The group insurance market remains highly competitive as the rising cost of providing medical coverage to employees has forced companies to re-evaluate their overall employee benefit spending, resulting in lower volumes of group disability and life insurance business and more competitive pricing. Demographic shifts have further driven demand for products and services that are sufficiently flexible to meet the evolving needs of employers and employees who want innovative, cost-effective solutions to their insurance needs. Employers continue to shift towards greater employee participatory coverage and voluntary purchases. With our broad suite of voluntary offerings and continued focus on developing additional voluntary products and service capabilities, we believe we are well positioned to meet the needs of both employers and employees as the market shifts to become more retail-focused.

Over the past few years, there has been heightened review by state regulators of the claims handling practices within the disability and life insurance industry. This has resulted in an increase in coordinated, multi-state examinations that target specific market practices in addition to regularly recurring examinations of an insurer's overall operations conducted by an individual state's regulators. We have recently been subject to such an examination. See Note 21 to the Consolidated Financial Statements for additional information.

The depressed level of interest rates in the United States over the last several years has constrained earnings growth in this segment due to lower yields on our fixed-income investments, and higher benefit expenses resulting from the discounting of future claim payments at lower interest rates.

Other Operations

Other Operations includes the following four businesses:

Corporate-owned Life Insurance

The principal products of the COLI business are permanent insurance contracts sold to corporations to provide coverage on the lives of certain employees for the purpose of financing employer-paid future benefit obligations. Permanent life insurance provides coverage that, when adequately funded, does not expire after a term of years. The contracts are primarily non-participating universal life policies. Fees for universal life insurance products consist primarily of mortality and administrative charges assessed against the policyholder's fund balance. Interest credited and mortality charges for universal life and mortality charges on variable universal life may be adjusted prospectively to reflect expected interest and mortality experience. To reduce our exposure to large individual and catastrophe losses, we purchase reinsurance from unaffiliated reinsurers.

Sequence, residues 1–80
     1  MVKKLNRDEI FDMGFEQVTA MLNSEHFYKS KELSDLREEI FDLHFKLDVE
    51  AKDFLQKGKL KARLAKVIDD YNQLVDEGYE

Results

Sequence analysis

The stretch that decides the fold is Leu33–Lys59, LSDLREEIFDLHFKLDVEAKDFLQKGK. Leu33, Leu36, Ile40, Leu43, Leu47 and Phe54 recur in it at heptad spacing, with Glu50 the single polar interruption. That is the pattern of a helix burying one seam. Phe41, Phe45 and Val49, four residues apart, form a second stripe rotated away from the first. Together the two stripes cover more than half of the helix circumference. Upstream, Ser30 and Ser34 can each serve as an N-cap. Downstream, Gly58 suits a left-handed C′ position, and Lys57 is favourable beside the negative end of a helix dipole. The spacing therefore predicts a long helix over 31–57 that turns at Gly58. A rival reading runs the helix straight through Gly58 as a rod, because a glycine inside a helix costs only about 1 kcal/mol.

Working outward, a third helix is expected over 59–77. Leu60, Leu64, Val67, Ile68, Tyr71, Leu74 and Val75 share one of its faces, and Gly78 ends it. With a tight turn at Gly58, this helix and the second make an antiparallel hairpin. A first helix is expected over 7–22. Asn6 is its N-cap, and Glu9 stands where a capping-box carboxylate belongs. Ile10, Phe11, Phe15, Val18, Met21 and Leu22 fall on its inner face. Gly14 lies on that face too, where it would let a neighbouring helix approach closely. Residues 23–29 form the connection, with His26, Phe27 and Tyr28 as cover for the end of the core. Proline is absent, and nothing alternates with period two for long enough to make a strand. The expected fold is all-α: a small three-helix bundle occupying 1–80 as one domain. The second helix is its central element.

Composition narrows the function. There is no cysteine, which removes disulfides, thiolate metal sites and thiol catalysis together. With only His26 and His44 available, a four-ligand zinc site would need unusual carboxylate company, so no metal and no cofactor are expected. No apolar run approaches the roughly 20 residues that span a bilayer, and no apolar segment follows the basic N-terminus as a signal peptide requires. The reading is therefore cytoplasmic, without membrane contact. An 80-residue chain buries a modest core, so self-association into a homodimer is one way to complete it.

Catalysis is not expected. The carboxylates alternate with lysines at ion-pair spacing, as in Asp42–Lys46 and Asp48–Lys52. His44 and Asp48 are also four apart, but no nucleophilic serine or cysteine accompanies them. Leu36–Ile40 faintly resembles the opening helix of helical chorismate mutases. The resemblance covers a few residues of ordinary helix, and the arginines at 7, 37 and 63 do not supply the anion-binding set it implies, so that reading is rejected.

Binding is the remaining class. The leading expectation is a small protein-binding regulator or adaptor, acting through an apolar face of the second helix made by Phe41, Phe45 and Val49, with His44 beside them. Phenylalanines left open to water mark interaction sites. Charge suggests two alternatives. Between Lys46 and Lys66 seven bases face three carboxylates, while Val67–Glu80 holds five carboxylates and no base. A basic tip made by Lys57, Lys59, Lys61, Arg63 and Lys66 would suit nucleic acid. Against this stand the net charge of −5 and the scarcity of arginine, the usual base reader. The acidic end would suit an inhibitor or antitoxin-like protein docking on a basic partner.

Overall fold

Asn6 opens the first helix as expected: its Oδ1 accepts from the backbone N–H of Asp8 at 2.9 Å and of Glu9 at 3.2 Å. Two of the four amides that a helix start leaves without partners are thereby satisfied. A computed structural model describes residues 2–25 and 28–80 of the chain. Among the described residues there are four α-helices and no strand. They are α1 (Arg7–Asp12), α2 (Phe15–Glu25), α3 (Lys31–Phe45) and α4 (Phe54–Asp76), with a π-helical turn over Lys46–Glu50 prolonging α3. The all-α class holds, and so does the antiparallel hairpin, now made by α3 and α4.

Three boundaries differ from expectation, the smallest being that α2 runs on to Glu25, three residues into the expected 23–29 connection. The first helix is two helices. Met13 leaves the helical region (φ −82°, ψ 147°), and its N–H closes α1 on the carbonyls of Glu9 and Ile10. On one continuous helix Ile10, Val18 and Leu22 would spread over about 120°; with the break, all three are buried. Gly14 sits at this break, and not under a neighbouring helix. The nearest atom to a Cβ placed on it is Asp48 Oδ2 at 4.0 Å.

Run-off Settlement Annuity Business

Our settlement annuity business is a closed, run-off block of single premium annuity contracts. These contracts are primarily liability settlements with approximately 20% of the liabilities associated with payments that are guaranteed and not contingent on survivorship. For contracts that involve non-guaranteed payments, such payments are contingent on the survival of one or more parties involved in the settlement.

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Run-off Reinsurance

Our reinsurance operations are an inactive business in run-off mode.

In February 2013, we effectively exited the guaranteed minimum death benefit ("GMDB") and guaranteed minimum income benefit ("GMIB") business by reinsuring 100% of our future exposures, net of retrocessional arrangements in place at that time, up to a specified limit. For additional information regarding this reinsurance transaction and the arrangements that secure our reinsurance recoverables, see Note 9 to the Consolidated Financial Statements.

Individual Life Insurance and Annuity and Retirement Benefits Businesses

This business includes deferred gains recognized from the 1998 sale of the individual life insurance and annuity business and the 2004 sale of the retirement benefits business. For more information regarding the arrangements that secure our reinsurance recoverables for the retirement benefits business, see Note 9 to the Consolidated Financial Statements.

Investments and Investment Income

General Accounts

Our investment operations provide investment management and related services for our corporate invested assets and the insurance-related invested assets in our General Account ("General Account Invested Assets"). We acquire or originate, directly or through intermediaries, a broad range of investments including private placement and public securities, commercial mortgage loans, real estate, mezzanine, private equity partnerships and short-term investments. Invested assets also include policy loans that are fully collateralized by insurance policy cash values. Invested assets are managed primarily by our subsidiaries and, to a lesser extent, external managers with whom our subsidiaries contract. Net investment income is included as a component of adjusted income from operations for each of our reporting segments and Corporate. Realized investment gains (losses) are reported by segment but excluded from adjusted income from operations. For additional information about invested assets, see the "Investment Assets" section of the MD&A beginning on page 53 and Notes 10 to 12 of our Consolidated Financial Statements.